Fighting Back for Public Health and the Workforce
Across the nation, Americans have rolled up their sleeves to help others in the face of the unprecedented COVID-19 public health and economic crisis.
Policymakers in state capitals and Washington have been at the forefront in delivering assistance. The U.S. Congress has passed three emergency legislative packages, and more than half the states have announced emergency operations.
Last Friday, President Trump signed into law the third response bill, delivering emergency aid especially to individuals and the health care system and those it is serving. This CARES Act also includes provisions to help blunt COVID-19’s economic impact on everyday Americans across the workforce who have lost jobs, had their hours reduced, need childcare relief, or who need to stay home because of COVID-19. It also contains measures to help small business owners, along with workers paying down student loans and the employers who are often helping them do so.
- Workers who need wage replacement as they recover or quarantine from COVID-19 will receive it, and paid leave coverage will not undermine benefits already covered by employers.
- Small business funding is available to pay insurance premiums for workplace coverage that businesses and their employees rely on for protection.
- Workers have immediate access to some of their retirement savings to help individuals whose income has been interrupted because of the emergency.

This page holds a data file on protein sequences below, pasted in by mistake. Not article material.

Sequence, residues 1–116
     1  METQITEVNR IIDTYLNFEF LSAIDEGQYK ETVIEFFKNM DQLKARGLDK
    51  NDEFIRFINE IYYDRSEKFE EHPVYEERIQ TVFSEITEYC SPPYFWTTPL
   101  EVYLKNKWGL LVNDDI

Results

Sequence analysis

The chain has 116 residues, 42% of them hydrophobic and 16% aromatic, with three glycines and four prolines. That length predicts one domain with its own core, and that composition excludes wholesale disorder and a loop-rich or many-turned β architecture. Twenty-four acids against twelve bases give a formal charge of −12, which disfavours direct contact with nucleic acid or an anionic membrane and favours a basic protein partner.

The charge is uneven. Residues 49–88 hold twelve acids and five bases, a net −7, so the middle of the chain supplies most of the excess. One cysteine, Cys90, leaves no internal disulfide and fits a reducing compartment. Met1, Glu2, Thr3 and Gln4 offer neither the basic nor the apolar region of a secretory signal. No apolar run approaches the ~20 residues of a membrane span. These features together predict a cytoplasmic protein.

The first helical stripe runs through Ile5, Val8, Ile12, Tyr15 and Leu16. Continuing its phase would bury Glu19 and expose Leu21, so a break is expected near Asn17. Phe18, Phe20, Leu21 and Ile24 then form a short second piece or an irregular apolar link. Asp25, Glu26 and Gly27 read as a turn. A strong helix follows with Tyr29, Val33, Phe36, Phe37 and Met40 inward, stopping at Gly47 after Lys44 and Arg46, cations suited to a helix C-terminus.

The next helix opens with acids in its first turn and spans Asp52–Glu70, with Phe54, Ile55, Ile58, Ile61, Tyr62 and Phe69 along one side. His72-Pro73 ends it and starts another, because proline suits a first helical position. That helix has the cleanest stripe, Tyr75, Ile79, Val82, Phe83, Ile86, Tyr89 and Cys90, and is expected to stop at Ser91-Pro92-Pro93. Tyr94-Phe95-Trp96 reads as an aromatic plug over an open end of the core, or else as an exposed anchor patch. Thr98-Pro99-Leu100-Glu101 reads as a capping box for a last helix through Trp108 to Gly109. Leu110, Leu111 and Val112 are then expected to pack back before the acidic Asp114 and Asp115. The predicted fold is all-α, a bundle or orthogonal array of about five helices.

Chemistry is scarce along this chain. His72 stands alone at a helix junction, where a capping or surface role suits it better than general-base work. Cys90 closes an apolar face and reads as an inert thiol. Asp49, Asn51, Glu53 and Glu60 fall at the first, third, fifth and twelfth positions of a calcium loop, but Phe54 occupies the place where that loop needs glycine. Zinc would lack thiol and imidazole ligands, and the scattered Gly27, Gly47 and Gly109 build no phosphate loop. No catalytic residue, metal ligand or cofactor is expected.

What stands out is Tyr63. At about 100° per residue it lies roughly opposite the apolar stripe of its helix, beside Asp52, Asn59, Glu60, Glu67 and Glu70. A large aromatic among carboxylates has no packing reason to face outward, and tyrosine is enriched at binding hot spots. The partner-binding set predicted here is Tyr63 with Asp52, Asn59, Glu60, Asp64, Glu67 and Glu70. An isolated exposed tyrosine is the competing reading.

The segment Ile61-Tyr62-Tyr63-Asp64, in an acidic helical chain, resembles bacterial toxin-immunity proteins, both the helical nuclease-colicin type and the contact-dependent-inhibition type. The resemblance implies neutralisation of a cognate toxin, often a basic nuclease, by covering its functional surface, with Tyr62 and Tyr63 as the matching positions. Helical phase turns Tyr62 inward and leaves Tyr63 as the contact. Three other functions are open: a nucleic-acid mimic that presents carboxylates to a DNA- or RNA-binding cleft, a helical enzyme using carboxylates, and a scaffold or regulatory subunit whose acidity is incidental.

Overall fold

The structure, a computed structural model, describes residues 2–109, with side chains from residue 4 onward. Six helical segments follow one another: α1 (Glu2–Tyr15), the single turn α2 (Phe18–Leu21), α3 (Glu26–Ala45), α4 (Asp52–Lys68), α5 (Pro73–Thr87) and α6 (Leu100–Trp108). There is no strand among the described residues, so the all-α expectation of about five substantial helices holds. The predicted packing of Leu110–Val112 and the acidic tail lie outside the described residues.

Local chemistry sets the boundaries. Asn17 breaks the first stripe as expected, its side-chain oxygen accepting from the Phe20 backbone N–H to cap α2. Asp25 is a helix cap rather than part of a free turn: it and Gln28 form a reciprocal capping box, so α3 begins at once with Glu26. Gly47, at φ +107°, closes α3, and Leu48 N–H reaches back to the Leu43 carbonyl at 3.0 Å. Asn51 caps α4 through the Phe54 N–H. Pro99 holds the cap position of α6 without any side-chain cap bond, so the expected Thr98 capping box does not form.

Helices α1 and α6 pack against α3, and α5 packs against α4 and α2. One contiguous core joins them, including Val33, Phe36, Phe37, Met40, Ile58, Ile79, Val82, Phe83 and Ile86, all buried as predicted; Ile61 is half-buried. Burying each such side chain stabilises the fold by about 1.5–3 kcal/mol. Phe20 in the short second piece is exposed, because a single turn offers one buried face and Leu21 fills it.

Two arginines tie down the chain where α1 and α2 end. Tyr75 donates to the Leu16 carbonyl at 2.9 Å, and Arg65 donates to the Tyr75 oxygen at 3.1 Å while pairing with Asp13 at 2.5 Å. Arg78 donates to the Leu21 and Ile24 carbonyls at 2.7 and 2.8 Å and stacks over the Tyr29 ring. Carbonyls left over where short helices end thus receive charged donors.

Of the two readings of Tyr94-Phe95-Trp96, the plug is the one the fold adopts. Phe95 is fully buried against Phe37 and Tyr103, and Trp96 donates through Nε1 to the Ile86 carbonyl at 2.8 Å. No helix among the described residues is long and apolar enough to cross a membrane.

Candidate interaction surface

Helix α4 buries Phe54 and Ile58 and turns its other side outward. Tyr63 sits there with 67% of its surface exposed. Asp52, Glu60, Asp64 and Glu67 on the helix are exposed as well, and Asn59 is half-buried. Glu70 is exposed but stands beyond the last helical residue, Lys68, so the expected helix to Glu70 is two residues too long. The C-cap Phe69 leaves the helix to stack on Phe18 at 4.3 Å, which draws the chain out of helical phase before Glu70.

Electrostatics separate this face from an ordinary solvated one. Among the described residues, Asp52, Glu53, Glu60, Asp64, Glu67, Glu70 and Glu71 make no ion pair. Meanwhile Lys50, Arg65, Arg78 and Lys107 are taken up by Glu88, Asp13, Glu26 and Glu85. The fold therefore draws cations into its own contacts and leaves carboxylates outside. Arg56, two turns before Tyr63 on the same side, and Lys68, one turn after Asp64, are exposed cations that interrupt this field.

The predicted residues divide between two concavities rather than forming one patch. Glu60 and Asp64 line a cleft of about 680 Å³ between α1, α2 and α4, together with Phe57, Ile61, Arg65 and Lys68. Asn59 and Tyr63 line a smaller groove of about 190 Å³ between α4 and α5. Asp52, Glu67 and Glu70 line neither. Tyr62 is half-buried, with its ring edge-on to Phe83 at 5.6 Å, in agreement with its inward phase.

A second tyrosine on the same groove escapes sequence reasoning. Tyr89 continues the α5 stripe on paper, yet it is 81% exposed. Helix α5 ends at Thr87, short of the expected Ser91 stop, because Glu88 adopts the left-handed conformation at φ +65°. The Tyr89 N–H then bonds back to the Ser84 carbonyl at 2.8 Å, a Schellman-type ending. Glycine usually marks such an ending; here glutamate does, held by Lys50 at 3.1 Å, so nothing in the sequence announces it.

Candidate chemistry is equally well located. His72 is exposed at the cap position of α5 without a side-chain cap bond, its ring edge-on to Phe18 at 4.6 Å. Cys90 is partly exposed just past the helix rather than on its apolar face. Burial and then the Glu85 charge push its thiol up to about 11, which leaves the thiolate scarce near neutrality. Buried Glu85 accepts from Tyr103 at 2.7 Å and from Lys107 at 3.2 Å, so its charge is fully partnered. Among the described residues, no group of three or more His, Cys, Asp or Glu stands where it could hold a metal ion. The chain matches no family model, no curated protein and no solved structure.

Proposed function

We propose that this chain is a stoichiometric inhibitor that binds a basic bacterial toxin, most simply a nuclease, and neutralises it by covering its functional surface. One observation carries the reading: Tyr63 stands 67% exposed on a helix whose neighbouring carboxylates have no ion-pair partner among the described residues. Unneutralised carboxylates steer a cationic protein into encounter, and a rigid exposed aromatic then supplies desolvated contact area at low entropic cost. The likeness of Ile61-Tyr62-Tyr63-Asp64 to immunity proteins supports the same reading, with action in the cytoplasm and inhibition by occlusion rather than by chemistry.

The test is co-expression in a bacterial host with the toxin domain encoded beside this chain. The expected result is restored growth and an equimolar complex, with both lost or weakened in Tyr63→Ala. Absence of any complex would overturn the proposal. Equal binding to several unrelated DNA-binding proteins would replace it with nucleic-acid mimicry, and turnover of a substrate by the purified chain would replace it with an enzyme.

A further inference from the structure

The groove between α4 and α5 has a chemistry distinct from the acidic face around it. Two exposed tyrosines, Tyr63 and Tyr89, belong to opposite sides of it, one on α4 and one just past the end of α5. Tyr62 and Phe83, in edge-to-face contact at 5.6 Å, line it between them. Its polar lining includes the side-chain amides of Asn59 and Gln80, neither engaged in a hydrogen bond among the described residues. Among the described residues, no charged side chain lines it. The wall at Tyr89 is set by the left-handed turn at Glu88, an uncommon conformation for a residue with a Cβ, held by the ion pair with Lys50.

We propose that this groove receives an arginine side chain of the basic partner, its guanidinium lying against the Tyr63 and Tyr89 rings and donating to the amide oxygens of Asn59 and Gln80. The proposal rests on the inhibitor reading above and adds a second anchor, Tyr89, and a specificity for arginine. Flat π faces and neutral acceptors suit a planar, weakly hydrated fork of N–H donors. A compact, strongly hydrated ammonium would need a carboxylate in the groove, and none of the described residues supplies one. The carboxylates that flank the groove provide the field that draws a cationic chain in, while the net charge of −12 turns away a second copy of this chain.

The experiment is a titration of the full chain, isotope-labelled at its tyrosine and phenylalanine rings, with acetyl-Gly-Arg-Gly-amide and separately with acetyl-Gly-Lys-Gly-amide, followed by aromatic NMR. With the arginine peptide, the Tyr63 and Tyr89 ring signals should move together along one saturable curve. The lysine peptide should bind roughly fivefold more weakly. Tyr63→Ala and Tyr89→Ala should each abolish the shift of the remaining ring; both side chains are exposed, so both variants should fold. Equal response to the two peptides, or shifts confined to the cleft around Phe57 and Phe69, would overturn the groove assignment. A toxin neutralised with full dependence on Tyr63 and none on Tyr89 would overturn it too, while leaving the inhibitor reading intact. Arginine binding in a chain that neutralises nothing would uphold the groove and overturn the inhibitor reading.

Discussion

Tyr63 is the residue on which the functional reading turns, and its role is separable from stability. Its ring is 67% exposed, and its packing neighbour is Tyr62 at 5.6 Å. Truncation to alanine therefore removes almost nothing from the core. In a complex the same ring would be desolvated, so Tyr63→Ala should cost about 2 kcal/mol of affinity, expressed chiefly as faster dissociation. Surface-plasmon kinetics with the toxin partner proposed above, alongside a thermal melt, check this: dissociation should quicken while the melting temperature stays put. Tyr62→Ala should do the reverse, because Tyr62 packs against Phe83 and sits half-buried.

- Workers paying down student loans have access to billions in emergency education funding, as well as support from employers who can assist with student loan repayment without a tax implication on the benefit.
- Life insurers will have the ability to carry back losses to prior years, along with other businesses, which is important given the negative economic impact of COVID-19.
The life insurance industry advocated for these provisions to give hope and help to millions of Americans.
Meanwhile, state lawmakers have also acted to protect consumer access to vital financial protection. So far, 36 states and the District of Columbia have followed the Department of Homeland Security and specifically designated insurance services as “essential,” allowing them to stay open and serve Americans.
And state insurance commissioners, who along with their staffs continue to work in extraordinary states of emergency, have acted in at least five states to temporarily suspend certain deadlines so that companies may better serve consumers.
As America fights back against COVID-19, life insurers look ahead toward economic recovery and rebuilding. Lawmakers’ bold actions demonstrate the leadership and resolve needed to face a difficult but passable road ahead.